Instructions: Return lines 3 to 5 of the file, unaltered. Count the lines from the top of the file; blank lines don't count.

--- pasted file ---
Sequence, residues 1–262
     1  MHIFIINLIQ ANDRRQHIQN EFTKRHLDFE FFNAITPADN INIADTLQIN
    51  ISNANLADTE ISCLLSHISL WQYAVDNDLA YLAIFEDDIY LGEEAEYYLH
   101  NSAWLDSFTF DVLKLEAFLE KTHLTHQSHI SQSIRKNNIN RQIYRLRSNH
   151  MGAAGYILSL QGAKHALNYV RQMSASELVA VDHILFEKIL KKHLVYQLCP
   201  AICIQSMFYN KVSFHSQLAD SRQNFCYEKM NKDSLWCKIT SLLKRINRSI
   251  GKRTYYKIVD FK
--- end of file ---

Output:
    51  ISNANLADTE ISCLLSHISL WQYAVDNDLA YLAIFEDDIY LGEEAEYYLH
   101  NSAWLDSFTF DVLKLEAFLE KTHLTHQSHI SQSIRKNNIN RQIYRLRSNH
   151  MGAAGYILSL QGAKHALNYV RQMSASELVA VDHILFEKIL KKHLVYQLCP